With the space shuttle Endeavour away on its final mission today, the United States will soon have no transportation to the International Space Station of its own. Between the final launch of the Atlantis, scheduled for June 28, and until affordable commercial rockets become available to NASA, astronauts will hitch a ride on Russia's Soyuz 2 rockets, the latest version in a line of Russian and Soviet spaceships stretching back to the early 1960s. The latest Soyuz rockets are cheaper and more versatile than space shuttles, but they don't have nearly the payload and despite their emergence as the carrier of choice for near-term space missions, they don't have as extensive a history of manned flight.
By the numbers, Soyuz has a better safety record than NASA so far. NASA's history has been marred by two major disasters -- the Columbia in 2003 and the Challenger in 1986 -- both of which resulted in the deaths of the entire crew. Soyuz has not been spared from mishaps, but it has fared better overall. The Smithsonian magazine breaks down some of the safety specifics in a blog post:
Through the most recent mission, STS-130 in February 2010, the shuttle has taken 788 people to orbit (“people” includes repeat fliers—so Franklin Chang Diaz’s seven flights would count as seven people). Fourteen astronauts lost their lives on Challenger and Columbia, which leaves a ratio of one fatality for every 56 people taken to orbit. Soyuz has orbited 250 people, not including two successful aborts: Soyuz 18a in April 1975, which occurred late in a launch 90 miles high, and Soyuz T-10-1 in September 1983, on the launch pad. The program has suffered four fatalities: one on Soyuz 1 in April 1967, and the other three on Soyuz 11 in June 1971. That’s one Soyuz fatality for every 63 people delivered to orbit. Based on those ratios, Soyuz is a little safer.
But remember, with far fewer manned missions flown--only 103 manned missions to the shuttle's 130--Soyuz has had fewer chances for disaster. As The Smithsonian's Mike Klesius points out, "Who knows if Soyuz might have a critical failure in the next 27 flights?"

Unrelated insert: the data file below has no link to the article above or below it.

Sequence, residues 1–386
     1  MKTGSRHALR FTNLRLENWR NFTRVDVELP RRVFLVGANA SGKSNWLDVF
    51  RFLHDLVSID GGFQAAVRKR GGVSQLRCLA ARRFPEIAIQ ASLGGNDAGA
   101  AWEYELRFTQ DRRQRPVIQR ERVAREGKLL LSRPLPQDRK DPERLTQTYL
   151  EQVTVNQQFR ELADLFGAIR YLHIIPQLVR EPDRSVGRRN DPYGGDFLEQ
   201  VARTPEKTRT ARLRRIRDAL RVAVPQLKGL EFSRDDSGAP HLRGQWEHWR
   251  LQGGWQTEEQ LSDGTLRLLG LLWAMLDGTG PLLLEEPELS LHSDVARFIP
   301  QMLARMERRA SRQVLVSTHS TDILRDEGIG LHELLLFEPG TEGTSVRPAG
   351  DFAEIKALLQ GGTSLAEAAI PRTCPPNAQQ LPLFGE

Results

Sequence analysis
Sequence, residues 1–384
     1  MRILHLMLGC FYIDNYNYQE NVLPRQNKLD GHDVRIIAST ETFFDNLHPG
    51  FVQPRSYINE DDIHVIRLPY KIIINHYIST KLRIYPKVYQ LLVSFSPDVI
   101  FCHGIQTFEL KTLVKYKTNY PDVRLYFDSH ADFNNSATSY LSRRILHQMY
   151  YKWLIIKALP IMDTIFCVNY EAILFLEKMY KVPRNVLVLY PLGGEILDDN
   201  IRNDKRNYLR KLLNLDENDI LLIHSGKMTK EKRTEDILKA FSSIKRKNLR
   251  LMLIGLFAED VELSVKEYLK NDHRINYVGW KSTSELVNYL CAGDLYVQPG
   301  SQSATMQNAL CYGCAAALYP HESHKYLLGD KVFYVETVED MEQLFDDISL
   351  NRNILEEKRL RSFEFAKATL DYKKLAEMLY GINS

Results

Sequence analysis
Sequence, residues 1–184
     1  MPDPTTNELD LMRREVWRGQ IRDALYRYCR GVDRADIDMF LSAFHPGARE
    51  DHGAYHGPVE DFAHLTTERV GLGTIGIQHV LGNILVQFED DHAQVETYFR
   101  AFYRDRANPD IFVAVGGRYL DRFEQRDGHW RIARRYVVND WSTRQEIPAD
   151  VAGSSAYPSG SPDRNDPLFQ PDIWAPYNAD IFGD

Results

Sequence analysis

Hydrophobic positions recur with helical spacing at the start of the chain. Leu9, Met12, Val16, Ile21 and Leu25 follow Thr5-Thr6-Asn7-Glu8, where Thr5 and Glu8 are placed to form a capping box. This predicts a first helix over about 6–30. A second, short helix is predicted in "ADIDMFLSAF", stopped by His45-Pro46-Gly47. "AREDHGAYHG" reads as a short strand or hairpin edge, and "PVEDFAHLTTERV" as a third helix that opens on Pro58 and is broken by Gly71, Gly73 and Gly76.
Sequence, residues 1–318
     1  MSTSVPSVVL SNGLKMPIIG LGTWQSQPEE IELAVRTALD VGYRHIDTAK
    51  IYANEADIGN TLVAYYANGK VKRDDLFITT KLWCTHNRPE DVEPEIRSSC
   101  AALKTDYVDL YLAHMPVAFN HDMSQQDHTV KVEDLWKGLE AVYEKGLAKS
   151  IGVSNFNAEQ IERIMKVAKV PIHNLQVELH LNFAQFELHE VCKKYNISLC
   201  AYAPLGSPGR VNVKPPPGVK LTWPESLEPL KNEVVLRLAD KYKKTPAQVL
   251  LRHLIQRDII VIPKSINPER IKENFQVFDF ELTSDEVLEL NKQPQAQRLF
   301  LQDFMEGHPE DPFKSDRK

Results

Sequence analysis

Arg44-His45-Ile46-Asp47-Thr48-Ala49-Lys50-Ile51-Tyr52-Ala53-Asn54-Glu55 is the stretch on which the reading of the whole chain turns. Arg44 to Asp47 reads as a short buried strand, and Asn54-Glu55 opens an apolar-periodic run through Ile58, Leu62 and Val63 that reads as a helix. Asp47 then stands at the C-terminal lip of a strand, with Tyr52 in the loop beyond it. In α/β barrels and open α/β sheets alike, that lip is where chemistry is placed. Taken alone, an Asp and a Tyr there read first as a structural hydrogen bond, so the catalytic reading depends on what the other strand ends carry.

Safety records aside, the specifications of the two craft show two very different approaches to space flight. The Russians favor cheaper, smaller, single-use rockets that carry a recoverable capsule into orbit. The Americans have built a series of large, reusable craft that paved the way for routine manned missions. Here's a look at the Endeavor and the latest Russian model, the Soyuz 2, by the numbers:
Length: 121 feet (not including auxiliary rocket boosters)
Wingspan: 78 feet
Height: 57 feet
Engines: "Three main engines running on liquid hydrogen/liquid oxygen propellant, rated at 512,950 lb thrust each; two solid, reusable rocket boosters rated at 3,300,000 lb each at launch, running on aluminum powder, iron oxide, and ammonium perchlorate powder."
Payload: About 50,000 pounds
Successful Missions Flown: 24 (today will be no. 25)
First Mission: May 7, 1992
Pricetag: $1.7 billion
Trivia: The name of Endeavour is spelled in the British fashion instead of the American, because it takes its name from the British ship captained by 18th-century explorer James Cook.
Length: 151.2 feet
Diameter: 9.67 feet
Engines: This varies. A typical configuration is to use a three-stage rocket plus boosters. The boosters and first two stages run on liquid oxygen and kerosene, with the boosters and first stage producing about 225,000 pounds of thrust and the second stage about 66,000. The third stage, which for manned missions would typically consist of a Fregat stage powering a Soyuz capsule, has a series of small, liquid-fueled rocket thrusters fueled by liquid unsymmetrical dimethylhydrazine and nitrogen tetroxide.
Payload: About 18,740 pounds
Successful manned missions flown: 9 (per Wikipedia, apparently translated from Russian)
First mission: November 8, 2004
Pricetag: $65 million (used)
Trivia: The latest version of the manned capsule that the rocket carries, known as the Soyuz-TMA, was updated to fit larger astronauts. It now comes with adjustable couches.
This article is from the archive of our partner The Wire.
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